Went out to check for migrating birds this morning with a few students. Did not see a lot, but will hope to see more in the coming weeks. Had a great look at a juvenile female Cooper’s Hawk (below). Also below, is the bird list.
Large flocks of common grackles, red-winged blackbirds, European starlings and brown-headed cowbirds moving through. Also saw large groups of American Robins.
Gray Catbird, Carolina Wren, Black-capped Chickadee, Tufted Titmouse, Red-eyed Vireo*, Eastern Phoebe, Downy Woodpecker, Red-bellied Woodpecker, Northern Flicker, Eastern Wood Peewee*, Acadian Flycatcher*, Chimney Swifts, Yellow-billed Cuckoo*, Black-throated Green Warbler*, American Crow, Northern Cardinal, House sparrows and House Wren*.
Went to Hawk Mountain on Saturday to do some rodent trapping. Had no captures. This has been a very low year for rodent captures. However, the students did a great job following protocol and they helped conduct a clean-up at one of the trap sites. We were also able to catch a ‘Birds of Prey’ show before we left. Here are some great pictures below of a Great-Horned Owl, Red-Tailed Hawk and an American Kestrel by Jenny Garten.
So I went out to Kellys run to look over some new land the Lancaster Conservancy had purchased. Nice site. Drs. John Wallace and Chris Hardy will be working on conducting a biological inventory of the area. I have agreed to tag along to survey for mammals, birds and herps. This will be a great Service Learning project for my Mammalogy, Ornithology and Conservation Biology Class.
This blog is dedicated to the students and faculty at Millersville University that are involved in Ecology and Conservation activities.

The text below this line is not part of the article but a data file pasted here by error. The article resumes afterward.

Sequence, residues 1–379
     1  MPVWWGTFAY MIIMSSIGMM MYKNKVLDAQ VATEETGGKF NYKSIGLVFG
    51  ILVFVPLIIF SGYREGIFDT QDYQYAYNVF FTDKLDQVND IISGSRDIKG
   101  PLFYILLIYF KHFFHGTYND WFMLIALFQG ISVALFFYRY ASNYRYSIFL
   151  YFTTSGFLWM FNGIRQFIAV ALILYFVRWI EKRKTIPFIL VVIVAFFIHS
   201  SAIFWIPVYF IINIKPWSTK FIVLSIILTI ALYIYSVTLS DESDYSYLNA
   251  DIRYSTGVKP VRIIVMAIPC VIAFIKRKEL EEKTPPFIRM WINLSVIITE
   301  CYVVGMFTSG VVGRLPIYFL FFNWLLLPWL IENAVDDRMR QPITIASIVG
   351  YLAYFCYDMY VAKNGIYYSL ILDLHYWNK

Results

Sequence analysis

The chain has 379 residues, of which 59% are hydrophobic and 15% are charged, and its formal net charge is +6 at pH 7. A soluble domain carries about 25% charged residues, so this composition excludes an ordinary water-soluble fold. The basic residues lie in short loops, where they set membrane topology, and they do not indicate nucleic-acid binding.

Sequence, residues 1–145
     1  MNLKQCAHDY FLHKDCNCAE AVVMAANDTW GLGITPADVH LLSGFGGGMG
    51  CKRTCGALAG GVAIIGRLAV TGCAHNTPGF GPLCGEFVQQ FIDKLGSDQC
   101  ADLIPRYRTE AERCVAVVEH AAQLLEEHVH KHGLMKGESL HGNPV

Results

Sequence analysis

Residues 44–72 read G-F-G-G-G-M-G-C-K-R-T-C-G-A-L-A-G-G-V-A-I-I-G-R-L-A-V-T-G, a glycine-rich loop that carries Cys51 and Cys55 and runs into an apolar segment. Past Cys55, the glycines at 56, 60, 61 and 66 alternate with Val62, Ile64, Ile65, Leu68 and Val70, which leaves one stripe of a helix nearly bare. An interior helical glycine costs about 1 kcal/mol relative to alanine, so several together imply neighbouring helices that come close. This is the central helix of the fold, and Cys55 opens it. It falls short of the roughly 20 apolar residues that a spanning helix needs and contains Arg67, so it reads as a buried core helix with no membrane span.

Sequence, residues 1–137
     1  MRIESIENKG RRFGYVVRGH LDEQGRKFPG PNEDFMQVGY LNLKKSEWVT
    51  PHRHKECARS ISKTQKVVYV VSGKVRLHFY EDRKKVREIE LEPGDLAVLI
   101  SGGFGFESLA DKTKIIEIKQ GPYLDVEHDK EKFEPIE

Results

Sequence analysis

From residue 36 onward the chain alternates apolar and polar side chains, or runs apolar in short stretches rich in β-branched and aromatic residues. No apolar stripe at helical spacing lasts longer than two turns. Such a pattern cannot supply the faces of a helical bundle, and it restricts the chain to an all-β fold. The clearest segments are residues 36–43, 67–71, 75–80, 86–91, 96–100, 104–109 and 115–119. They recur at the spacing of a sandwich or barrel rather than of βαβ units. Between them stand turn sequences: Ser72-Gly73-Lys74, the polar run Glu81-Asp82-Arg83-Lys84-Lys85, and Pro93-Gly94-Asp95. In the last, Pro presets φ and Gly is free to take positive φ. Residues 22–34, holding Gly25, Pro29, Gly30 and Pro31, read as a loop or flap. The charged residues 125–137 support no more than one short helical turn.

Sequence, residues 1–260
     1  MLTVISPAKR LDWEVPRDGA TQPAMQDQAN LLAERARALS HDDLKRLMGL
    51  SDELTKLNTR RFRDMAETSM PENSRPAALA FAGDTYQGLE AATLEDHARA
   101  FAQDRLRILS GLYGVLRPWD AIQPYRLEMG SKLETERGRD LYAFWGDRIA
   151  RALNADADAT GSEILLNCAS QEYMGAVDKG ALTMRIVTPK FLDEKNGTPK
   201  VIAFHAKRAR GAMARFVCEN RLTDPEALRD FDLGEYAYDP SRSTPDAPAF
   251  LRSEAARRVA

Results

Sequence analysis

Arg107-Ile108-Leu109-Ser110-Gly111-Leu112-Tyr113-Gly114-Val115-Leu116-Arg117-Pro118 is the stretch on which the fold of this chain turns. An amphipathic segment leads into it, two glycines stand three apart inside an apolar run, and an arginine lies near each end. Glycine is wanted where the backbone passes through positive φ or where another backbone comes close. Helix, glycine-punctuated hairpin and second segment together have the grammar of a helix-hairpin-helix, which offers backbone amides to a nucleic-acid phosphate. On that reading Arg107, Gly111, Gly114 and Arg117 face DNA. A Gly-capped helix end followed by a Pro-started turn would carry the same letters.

This blog is updated and edited by me, Dr. Aaron Haines.
I am an Assistant Professor of Conservation Biology at Millersville University. My professional research interests involve working with students to identify more effective approaches to implement on the ground conservation strategies to benefit species of conservation concern. Conservation strategies may include the use of spatial models to identify priority areas in need of protection or management, habitat restoration projects that benefit multiple wildlife species, and identifying ways to mitigate of poaching activity.
Second day at Hawk Mountain to help with rodent trapping. Learned that the goal on this long term project is to correlate small mammal diversity and abundance with acorn harvest and parasite loads. Interesting work.
Had a great trip to Hawk Mountain today. Met with Shealyn Marino. Shealyn works with Wilkes University as a biological technician. Shealyn has been working on a long-term small mammal trapping research project. Below are some of the animals we captured today. What a great place to take the Mammology class.